GMOs… Still a long way to go in Nigeria
Thecla Ayoka FASLN and Abdulsalam Mahmud FASLN
Thursday, 15 October 2020
The idea, concept and rationale behind the birth of genetically Modified Organisms (GMOs) foods may be welcoming and visionary to some experts. But not for Nnimmo Bassey.
Bassey, who is not only an architect, and a poet, but also a renowned environmental activist, in an interview, corroborated the fear of many anti-GMO exponents. He said genetically modified (GM) foods pose serious danger to humans, soil organisms and other living creatures.
The acclaimed environmentalist, observed that, “those promoting GMOs are fear mongers screaming that Nigeria cannot feed itself because of ballooning population, whereas the matter of food availability is not addressed by the GMOs they are promoting. In fact, the arguments used in promoting GMOs have always been the same over the years since 1996, when the first GMO was released.”
GMOs in Nigeria, other countries
Like in some other nations, Nigeria is where GM foods are also found in the market, though most of them are not actually produced in the country. GMOs are organisms, plants, animals and micro-organisms that have their DNAs altered using genetic engineering techniques. This, for example, can enable the particular crops or plants to develop some resistance against diseases, insects, pests, harsh weather conditions, as well as to enhance nutrition.
What GM crops’ farmers earn
According to a new global report, farmers that grew GM crops earned an extra $225 billion between 1996 and 2018. The report said that for each extra $1 invested in GM crop seeds, farmers gained an average $3.75 as income.
In developing nations, the benefits of using GM crops are even greater, where the average return was $4.41 for each extra $1 invested in GM crop seed. Only South Africa, Swaziland and Sudan are currently growing GM crops commercially in Africa. Nigeria, having approved GM cotton and cowpea, is now distributing the improved seeds to its farmers, while Kenya and Ethiopia are in the process of deploying BT cotton. A dozen other African countries have GM crop research projects under way, with some of the experiments ongoing for more than a decade now.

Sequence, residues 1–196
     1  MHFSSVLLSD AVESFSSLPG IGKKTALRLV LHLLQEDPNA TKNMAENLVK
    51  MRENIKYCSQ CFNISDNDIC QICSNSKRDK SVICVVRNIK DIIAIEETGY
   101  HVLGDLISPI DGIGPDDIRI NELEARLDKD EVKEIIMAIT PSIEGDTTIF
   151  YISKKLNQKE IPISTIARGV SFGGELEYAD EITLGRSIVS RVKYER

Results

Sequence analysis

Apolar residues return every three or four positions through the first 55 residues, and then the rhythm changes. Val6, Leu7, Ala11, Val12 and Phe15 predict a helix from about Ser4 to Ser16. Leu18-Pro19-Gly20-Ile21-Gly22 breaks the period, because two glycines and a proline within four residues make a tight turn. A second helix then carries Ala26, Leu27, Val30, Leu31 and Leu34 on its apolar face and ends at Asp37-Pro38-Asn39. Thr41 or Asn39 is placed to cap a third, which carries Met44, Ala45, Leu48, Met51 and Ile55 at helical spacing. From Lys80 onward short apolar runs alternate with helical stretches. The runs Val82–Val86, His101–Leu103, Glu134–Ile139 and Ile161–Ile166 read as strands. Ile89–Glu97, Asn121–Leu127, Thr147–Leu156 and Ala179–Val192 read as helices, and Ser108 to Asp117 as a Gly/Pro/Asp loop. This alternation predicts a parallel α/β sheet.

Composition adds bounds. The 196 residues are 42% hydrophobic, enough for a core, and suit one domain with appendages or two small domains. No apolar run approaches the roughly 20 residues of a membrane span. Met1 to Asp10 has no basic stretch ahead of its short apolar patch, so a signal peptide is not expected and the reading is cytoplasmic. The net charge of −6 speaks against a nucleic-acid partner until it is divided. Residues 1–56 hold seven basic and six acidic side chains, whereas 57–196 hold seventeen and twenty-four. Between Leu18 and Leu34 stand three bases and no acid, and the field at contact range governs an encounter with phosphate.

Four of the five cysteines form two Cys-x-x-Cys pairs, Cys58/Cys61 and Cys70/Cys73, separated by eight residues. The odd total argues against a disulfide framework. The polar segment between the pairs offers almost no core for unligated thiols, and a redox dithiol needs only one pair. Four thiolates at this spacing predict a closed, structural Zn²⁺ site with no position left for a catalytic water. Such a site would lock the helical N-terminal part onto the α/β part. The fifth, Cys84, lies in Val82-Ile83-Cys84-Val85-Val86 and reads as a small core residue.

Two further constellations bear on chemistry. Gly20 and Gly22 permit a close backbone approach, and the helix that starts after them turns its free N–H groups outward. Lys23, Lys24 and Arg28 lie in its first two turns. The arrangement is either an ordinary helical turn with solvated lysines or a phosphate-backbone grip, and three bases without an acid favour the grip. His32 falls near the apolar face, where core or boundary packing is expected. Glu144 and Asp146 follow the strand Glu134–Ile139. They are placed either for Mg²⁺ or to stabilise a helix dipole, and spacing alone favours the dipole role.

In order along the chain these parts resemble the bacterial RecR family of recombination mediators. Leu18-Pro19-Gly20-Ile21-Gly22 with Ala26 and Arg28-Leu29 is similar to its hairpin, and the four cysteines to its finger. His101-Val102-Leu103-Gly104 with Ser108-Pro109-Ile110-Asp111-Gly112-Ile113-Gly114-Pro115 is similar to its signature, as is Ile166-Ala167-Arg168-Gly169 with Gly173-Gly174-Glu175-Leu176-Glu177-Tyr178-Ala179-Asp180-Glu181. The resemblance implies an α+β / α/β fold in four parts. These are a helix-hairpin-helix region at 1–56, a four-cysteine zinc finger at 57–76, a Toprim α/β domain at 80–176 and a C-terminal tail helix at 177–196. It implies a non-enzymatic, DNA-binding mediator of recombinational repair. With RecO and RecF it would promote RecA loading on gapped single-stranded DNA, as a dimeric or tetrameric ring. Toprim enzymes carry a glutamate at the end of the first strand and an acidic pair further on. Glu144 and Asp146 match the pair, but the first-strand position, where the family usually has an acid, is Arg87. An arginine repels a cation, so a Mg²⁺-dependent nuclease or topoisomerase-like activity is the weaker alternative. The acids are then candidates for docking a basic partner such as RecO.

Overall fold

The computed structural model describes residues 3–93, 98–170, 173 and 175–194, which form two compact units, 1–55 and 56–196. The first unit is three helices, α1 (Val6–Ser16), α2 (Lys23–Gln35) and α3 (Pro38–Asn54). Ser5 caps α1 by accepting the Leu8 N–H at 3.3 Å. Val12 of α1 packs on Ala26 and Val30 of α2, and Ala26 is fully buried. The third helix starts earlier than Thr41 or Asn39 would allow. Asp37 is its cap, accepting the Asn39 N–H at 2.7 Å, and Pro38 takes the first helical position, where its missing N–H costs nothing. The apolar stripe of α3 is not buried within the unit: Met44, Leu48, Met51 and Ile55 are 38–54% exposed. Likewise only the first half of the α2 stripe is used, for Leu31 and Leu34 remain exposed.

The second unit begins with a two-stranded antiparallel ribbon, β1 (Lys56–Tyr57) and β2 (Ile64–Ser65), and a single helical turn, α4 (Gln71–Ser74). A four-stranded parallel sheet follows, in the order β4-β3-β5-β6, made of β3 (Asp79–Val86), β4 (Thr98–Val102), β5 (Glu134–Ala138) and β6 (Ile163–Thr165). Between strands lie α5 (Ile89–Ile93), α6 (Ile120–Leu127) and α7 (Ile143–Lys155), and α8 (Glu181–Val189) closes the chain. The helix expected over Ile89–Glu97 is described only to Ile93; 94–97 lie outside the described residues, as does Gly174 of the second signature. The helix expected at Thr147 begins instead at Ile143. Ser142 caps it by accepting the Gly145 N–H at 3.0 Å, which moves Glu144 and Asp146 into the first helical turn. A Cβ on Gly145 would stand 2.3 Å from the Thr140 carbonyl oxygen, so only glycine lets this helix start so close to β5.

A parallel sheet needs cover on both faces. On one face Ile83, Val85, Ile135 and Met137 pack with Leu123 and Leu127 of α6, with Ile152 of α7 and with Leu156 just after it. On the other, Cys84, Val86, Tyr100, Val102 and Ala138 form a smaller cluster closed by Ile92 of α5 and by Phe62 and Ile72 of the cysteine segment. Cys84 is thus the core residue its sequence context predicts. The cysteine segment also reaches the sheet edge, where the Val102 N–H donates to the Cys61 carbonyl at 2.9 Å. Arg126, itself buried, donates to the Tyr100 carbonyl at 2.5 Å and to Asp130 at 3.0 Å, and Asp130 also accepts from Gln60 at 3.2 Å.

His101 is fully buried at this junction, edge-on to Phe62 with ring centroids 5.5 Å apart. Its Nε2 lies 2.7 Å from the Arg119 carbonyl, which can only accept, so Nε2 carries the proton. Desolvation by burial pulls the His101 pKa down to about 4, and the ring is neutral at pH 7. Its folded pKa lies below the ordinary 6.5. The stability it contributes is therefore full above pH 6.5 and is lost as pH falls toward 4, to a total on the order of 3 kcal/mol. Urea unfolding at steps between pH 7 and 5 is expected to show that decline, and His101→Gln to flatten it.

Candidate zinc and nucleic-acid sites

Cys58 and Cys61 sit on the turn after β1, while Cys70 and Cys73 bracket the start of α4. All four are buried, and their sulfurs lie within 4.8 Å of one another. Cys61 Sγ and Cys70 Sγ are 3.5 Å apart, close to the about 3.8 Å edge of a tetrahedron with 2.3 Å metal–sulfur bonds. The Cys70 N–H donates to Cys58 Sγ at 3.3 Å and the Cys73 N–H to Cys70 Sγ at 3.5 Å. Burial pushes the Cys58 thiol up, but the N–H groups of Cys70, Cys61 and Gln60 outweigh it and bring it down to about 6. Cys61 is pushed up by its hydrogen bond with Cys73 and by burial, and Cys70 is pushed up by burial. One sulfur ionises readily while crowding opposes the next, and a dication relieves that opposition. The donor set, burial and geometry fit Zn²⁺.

Approving GM cowpea
After nearly a decade of research by scientists, Nigeria approved its first genetically modified (GM) food crop, in January 2019. The cowpea, which is pest resistant, was released into the market after the National Biosafety Management Agency (NBMA), had affirmed its safety.
Prof. Ibrahim Abubakar, Executive Director of the Institute for Agricultural Research (IAR) at the Ahmadu Bello University (ABU) Zaria, explained that GM cowpea, which provides built-in resistance to the pod bearer (Maruca vitrata) insect, will significantly decrease pesticide use.
Abubakar, said scientists decided to venture into genetic modification in cowpea breeding because pest infestations had made cowpea farming difficult, economically unprofitable and even dangerous, as farmers were exposed to pesticide sprays.
ASLN Fellow, Mahmud (seated left) interviewing Dr. Ebegba, the DG of NBMA in his office, in Abuja.
Not against GMOs, not promoting them--NBMA